OOPS! A phenomenon almost unknown in a decade called "net redemption's" is starting to appear. Value funds have been Suffering this problem for months and now index funds are beginning to see a net outflow of cash almost daily. Since index funds are not banks and are paid to hold stocks not cash, they have to sell stock to get the money for redemption's. When they need to sell large amounts of stock they use a type of order called "order on close". Instead of impacting the price negatively during the day by dumping large blocks of stock they place a "sell on close" order and they get paid whatever the closing price is for their stock. The market makers have an advantage in knowing when and how much stock is going to be sold and they can stockpile buy orders to offset the large block they are going to have to handle. At about 3:30 these "order on close" orders are made known on the floor of the NYSE. Recently the number of "sell on close" orders has been rising. On Friday there were blocks of several hundred thousand shares going out at the close. One block was 446,000. The public is starting to move and once in motion it will be hard to reverse the trend. This could cause the cycle to accelerate as the liquidity which has been powering the market begins to dry up.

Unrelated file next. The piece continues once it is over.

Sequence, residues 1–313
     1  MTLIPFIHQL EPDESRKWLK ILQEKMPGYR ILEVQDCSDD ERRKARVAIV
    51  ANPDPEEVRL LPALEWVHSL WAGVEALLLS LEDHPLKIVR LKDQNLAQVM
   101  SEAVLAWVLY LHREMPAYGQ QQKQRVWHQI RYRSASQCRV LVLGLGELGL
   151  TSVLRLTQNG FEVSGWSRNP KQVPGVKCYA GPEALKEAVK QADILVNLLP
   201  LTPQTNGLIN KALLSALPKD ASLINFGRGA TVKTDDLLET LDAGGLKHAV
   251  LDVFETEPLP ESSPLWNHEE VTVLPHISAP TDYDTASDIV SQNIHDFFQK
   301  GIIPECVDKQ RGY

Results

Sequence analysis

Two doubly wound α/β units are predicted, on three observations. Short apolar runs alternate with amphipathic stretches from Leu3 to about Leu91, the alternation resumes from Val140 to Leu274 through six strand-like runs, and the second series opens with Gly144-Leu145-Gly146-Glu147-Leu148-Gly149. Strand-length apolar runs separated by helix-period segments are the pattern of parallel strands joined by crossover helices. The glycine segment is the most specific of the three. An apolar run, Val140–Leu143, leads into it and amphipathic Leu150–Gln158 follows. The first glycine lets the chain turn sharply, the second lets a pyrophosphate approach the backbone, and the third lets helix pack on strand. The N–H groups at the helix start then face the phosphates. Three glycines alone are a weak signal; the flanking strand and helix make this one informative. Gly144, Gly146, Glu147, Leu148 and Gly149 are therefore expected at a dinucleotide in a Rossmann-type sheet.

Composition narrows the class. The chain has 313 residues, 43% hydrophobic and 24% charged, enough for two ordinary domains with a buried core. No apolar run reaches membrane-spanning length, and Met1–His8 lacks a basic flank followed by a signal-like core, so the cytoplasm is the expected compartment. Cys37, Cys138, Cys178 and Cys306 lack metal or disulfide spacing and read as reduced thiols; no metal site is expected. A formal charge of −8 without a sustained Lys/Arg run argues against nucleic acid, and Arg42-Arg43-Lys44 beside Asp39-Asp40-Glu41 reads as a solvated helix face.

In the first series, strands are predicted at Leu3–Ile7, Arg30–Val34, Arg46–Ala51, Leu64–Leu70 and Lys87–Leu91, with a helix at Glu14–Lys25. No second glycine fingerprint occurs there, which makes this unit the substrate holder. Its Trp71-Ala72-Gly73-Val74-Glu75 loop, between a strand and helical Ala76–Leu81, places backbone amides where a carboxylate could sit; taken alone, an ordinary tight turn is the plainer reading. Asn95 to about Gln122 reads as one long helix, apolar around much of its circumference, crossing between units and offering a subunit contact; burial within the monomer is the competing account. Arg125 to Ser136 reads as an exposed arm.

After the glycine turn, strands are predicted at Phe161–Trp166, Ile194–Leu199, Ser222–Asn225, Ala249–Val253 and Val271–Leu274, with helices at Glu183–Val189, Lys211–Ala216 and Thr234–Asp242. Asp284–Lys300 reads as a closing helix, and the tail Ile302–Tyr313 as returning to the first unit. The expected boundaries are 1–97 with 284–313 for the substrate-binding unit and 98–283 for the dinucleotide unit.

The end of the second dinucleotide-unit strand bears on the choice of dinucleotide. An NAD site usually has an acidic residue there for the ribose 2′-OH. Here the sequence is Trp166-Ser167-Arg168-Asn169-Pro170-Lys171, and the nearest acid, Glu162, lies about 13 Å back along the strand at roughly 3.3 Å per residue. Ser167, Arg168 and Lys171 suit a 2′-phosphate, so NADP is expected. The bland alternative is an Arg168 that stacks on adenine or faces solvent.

Before you start crying foul I will tell you that more money came into the market in the last two weeks than most full months of last year. The problem is that it did not go into value funds or index funds. It went into growth funds and tech stocks. This is money that came out of the Dow and out of the S&P. It is accelerating the Nasdaq and decelerating the Dow. I wrote a couple months ago that I expected the Nasdaq to possibly pass the Dow late this year. It is looking more and more possible and probable as the calendar unwinds. If the Dow did nothing and the Nasdaq continued to add +25% a quarter as it has in the last twelve months then they would meet at year end. Instead the Dow is on a downward spiral that is dropping twice as fast as the Nasdaq is advancing and they could converge as soon as September-October. That is of course depending on how much the Dow drop continues to degrade the market as a whole. While the outlook for the Nasdaq is stellar there is always the chance that investor psychology could turn based on the "perception" of a negative market due to the media coverage of "Dow" as the "market". It is this "bear" market mentality that we will need to avoid as we progress farther into 2000 and continue to benefit from the Internet revolution. It is not a bear market. It is sector rotation in its purest form.